I wish I could pinpoint the moment I lost my ability to happily be present in public. But I haven’t yet found the one who grants wishes.
I have thought long and hard about what happened and when. But I get so wrapped up in all the details that it becomes a muddled mess.
I know that somewhere along my way, I lost that something that normal people have that enables them to function, with ease, in this world. And I do not think it is ever coming back to me.
As I look down at my planner, I see the words happily drawn across the last three days of this week: SLIPSTREAM ’19. And I am immediately overwhelmed. The feelings rush through and over me like a wave, and I am suddenly pushed deep under water with no clear view of the surface. I can no longer distinguish up from down and, instead of swimming, I find my body succumbing to that feeling of breathlessness.
Last year, as camp approached, my anxiety was nearly out of control. This year things have been reigned in…slightly. Thinking about it still makes me want to throw up, then run and hide for days on end. But I have also taken measures to try and curb all those fears and worries.
Distractions, if you will.
Over the last twelve months my circle of friends has grown exponentially. And it is as baffling as it is wonderful. I have never felt myself worthy of friendship. I struggle to understand why people would choose to spend their time with me. My childhood experiences with my peers, and a few grown-up encounters, have left me irreparably damaged. One would think those occurrences slaughtered my ability to trust others , and in some way I am sure it has been left impaired, but instead they created this monster of doubt that eats me from the inside out. Every. Single. Day.
And what that monster has done is carve itself a cozy spot deep inside my head, nestling in right next to my anxiety, and blanketing itself with my depression. It feasts on anything positive that comes along. Gobbling it right up, before I’ve even had the chance to get to know it. Before I am even aware it is there…
And, sometimes it leaves behind scraps that I can piece together. And sometimes, just those forged together scraps are enough to make memories. But most times it leaves nothing. Not even a shadow of the good that was.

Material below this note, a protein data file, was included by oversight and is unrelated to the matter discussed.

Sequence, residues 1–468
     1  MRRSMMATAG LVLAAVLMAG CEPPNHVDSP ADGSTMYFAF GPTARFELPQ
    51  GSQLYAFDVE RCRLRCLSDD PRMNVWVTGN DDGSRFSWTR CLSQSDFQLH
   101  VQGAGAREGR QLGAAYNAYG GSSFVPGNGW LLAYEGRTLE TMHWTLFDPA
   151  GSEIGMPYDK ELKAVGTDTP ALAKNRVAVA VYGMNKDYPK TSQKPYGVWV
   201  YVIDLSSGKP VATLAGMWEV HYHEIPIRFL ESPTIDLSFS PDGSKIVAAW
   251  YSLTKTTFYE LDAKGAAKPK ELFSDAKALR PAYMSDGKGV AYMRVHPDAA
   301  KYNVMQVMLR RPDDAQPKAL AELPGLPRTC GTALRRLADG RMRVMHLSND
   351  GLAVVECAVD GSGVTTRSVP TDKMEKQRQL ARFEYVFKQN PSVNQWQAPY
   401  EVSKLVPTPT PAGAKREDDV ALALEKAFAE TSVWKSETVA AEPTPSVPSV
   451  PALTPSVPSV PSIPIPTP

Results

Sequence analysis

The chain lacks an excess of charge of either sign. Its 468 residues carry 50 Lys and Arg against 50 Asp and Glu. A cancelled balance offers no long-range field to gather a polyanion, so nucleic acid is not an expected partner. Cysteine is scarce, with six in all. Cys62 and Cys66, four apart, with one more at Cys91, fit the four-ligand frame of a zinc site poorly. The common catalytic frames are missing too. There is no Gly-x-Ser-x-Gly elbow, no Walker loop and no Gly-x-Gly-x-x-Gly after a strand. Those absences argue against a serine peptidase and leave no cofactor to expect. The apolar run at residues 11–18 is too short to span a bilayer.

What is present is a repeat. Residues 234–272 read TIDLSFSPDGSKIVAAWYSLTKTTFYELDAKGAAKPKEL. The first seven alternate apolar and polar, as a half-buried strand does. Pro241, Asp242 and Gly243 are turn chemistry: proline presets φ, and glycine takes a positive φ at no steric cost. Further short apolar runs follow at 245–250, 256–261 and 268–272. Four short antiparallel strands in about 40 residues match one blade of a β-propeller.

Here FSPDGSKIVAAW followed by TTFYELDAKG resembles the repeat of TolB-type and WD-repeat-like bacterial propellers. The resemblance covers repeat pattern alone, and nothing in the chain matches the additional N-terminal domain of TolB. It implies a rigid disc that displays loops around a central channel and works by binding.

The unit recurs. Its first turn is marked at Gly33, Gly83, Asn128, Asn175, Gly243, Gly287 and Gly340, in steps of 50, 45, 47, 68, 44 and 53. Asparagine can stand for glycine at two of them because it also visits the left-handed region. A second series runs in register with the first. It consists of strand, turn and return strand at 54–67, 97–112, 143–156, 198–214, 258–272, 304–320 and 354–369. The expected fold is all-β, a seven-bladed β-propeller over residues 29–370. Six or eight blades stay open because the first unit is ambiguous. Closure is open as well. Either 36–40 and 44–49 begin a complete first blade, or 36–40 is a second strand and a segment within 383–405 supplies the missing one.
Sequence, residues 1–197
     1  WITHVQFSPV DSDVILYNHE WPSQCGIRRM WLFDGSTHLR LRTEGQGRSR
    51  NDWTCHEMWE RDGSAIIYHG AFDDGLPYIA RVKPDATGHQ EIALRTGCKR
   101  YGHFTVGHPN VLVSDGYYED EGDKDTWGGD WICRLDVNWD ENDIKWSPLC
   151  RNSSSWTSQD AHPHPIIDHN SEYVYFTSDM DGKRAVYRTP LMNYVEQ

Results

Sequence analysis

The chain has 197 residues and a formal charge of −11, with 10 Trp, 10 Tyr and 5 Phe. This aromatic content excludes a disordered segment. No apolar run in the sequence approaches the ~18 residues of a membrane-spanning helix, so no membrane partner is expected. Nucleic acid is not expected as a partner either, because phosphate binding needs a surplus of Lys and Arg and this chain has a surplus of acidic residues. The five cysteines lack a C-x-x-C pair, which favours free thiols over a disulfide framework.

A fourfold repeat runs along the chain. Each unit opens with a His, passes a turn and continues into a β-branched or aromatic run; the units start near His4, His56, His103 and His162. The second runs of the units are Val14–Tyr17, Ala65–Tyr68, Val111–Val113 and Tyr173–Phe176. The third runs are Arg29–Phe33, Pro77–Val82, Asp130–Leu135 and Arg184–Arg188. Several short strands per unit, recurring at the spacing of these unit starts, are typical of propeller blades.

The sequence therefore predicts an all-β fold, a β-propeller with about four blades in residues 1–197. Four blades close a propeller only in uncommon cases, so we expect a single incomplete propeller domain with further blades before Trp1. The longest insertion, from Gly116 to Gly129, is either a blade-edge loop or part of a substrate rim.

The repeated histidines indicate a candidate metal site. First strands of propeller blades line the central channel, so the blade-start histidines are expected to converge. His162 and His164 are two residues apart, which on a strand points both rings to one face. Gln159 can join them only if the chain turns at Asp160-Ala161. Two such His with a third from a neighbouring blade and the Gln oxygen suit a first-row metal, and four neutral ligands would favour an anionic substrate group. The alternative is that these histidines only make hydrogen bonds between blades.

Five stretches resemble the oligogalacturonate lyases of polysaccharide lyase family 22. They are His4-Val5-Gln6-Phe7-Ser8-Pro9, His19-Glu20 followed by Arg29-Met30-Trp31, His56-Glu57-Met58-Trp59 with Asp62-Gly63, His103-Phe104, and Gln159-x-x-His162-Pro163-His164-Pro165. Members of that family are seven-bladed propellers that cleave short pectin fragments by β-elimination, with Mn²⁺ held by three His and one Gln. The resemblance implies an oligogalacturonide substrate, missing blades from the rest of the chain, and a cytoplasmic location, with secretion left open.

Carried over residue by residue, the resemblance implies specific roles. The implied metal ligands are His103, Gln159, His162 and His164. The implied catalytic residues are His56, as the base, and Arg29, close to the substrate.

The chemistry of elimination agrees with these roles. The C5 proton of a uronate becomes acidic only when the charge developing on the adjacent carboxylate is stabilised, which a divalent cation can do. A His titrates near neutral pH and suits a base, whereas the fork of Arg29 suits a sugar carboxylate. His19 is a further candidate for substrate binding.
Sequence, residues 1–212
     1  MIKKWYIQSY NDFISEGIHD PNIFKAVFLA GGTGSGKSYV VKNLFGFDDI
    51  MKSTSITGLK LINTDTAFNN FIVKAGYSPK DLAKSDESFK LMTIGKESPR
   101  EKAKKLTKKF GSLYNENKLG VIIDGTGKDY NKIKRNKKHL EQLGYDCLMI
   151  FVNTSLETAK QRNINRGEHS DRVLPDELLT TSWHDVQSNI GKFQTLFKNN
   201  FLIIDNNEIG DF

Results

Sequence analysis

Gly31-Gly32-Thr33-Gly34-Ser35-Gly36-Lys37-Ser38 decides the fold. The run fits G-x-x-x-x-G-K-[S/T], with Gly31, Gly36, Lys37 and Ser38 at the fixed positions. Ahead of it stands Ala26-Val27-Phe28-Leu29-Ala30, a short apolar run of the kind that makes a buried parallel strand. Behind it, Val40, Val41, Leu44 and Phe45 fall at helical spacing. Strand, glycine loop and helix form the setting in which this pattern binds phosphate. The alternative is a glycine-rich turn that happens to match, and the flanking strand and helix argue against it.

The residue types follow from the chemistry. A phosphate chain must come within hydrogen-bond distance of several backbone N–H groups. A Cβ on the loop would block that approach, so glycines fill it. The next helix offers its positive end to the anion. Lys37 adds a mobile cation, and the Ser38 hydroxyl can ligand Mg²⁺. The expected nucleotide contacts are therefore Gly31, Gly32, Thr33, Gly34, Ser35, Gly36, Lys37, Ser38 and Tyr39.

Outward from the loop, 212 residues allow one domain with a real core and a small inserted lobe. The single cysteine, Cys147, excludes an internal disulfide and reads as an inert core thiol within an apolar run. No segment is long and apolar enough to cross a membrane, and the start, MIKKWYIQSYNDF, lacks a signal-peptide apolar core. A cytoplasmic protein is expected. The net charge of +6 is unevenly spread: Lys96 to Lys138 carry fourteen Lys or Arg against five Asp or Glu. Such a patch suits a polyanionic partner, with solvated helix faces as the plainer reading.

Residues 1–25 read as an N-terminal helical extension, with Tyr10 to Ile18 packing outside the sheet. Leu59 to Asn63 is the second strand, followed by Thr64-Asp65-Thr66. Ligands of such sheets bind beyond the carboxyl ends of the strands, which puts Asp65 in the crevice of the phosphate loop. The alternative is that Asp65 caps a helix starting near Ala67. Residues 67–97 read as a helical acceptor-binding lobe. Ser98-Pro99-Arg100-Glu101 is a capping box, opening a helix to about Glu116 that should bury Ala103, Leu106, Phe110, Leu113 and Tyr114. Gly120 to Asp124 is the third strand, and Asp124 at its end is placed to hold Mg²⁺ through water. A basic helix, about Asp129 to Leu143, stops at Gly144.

At camp, last year, I met some of the most amazing people. And while I would never wish anyone to be “sick” or encumbered by chronic illness, I am grateful to diabetes for bringing us together. Which may seem an odd thing to say, but without T1D it is almost certain that none of our paths would have crossed.
And, preparing things for those lovely folks, is part of my distraction tactic.
Mental illness is a tricky business. And not one many people understand. Some people do not believe it is real. Others think a handful of pills should be enough to manage it. In my case, it is a very real full time management job. And, in my case, pills absolutely do not help.
I manage my PDD and anxiety disorders the best I can. I have been without a psychologist for nearly three years now and it has been difficult. I manage my days with a lot of self talk (trying my best to make sure it is positive) and try to curb outbreaks of OCD with list making. List help me keep track of what needs to be done, what I am doing and offer a tangible check in of how I am doing. Sometimes it works, sometimes it doesn’t. There are good days, bad days, really bad days and all the days in between.
And sometimes the best way to escape all those consuming thoughts it through distraction.
I do not like leaving my house. And, several years ago, I didn’t for almost two years (that is why pills do not help me) with the exception of important doctor’s appointments and the occasional visit with family. Leaving my house gives me HUGE anxiety. And I don’t even mean for a trip. I mean simple outings, like grocery shopping. A night out with friends. A walk around the block.
Having my husband or son with me brings comfort. Not enough to completely eradicate my anxiety. But enough that I can actually get out the door.
So…camp. Holy fuck.
Last year, getting me to go out the door and go to camp took a lot of effort. And not just my own. There were several key players that encouraged me. And I am full of gratitude.
This year there are a lot of things I am looking forward to at camp: seeing all the people I have missed since last year, having an incredibly inspirational and kind person to share the ride with, (hopefully) better weather.
And while I have a better idea of what to expect, it also causes certain worries to resurface. All of my food anxieties are lying in wait, ready to pounce the moment food appears on the table. All of my social fears are building. And building. Ready to be suppressed for 72-hours with a “fake it til you make through it” approach.
And there are new fears too. New challenges. This year is a little different for me. I do not have to battle my needle phobia (rushing off to the bathroom before each meal so I can fret, sweat and inject in private) but I will have to do a pump site change. I’ve inexplicably gained a lot of weight so my body image issues have not just resurfaced but breached in a monumental way. My clothes are ill-fit, and my body is now an unfamiliar vessel ready to set sail upon known yet scary seas.
Time for some serious distraction.